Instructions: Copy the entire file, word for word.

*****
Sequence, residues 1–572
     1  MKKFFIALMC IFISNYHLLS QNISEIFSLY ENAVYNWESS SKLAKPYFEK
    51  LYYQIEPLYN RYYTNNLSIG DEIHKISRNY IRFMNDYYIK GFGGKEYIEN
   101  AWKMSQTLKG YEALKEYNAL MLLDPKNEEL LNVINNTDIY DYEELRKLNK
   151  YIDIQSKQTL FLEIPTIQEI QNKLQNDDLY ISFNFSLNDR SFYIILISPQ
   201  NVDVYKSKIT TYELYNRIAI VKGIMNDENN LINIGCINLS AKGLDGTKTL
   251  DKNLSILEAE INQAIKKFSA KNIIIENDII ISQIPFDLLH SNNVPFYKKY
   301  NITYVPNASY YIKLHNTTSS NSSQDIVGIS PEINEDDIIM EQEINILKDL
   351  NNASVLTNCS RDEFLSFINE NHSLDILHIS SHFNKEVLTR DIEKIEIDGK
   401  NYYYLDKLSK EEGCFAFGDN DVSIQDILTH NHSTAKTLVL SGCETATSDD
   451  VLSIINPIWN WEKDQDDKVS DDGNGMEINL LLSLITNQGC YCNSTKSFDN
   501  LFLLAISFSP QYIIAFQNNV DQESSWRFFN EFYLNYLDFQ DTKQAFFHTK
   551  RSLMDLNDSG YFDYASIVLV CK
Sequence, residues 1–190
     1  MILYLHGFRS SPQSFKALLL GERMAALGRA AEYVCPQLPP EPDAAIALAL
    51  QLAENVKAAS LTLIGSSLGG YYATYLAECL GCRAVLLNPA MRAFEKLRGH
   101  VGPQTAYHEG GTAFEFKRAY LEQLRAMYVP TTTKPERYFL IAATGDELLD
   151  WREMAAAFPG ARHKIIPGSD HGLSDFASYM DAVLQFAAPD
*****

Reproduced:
Sequence, residues 1–572
     1  MKKFFIALMC IFISNYHLLS QNISEIFSLY ENAVYNWESS SKLAKPYFEK
    51  LYYQIEPLYN RYYTNNLSIG DEIHKISRNY IRFMNDYYIK GFGGKEYIEN
   101  AWKMSQTLKG YEALKEYNAL MLLDPKNEEL LNVINNTDIY DYEELRKLNK
   151  YIDIQSKQTL FLEIPTIQEI QNKLQNDDLY ISFNFSLNDR SFYIILISPQ
   201  NVDVYKSKIT TYELYNRIAI VKGIMNDENN LINIGCINLS AKGLDGTKTL
   251  DKNLSILEAE INQAIKKFSA KNIIIENDII ISQIPFDLLH SNNVPFYKKY
   301  NITYVPNASY YIKLHNTTSS NSSQDIVGIS PEINEDDIIM EQEINILKDL
   351  NNASVLTNCS RDEFLSFINE NHSLDILHIS SHFNKEVLTR DIEKIEIDGK
   401  NYYYLDKLSK EEGCFAFGDN DVSIQDILTH NHSTAKTLVL SGCETATSDD
   451  VLSIINPIWN WEKDQDDKVS DDGNGMEINL LLSLITNQGC YCNSTKSFDN
   501  LFLLAISFSP QYIIAFQNNV DQESSWRFFN EFYLNYLDFQ DTKQAFFHTK
   551  RSLMDLNDSG YFDYASIVLV CK
Sequence, residues 1–190
     1  MILYLHGFRS SPQSFKALLL GERMAALGRA AEYVCPQLPP EPDAAIALAL
    51  QLAENVKAAS LTLIGSSLGG YYATYLAECL GCRAVLLNPA MRAFEKLRGH
   101  VGPQTAYHEG GTAFEFKRAY LEQLRAMYVP TTTKPERYFL IAATGDELLD
   151  WREMAAAFPG ARHKIIPGSD HGLSDFASYM DAVLQFAAPD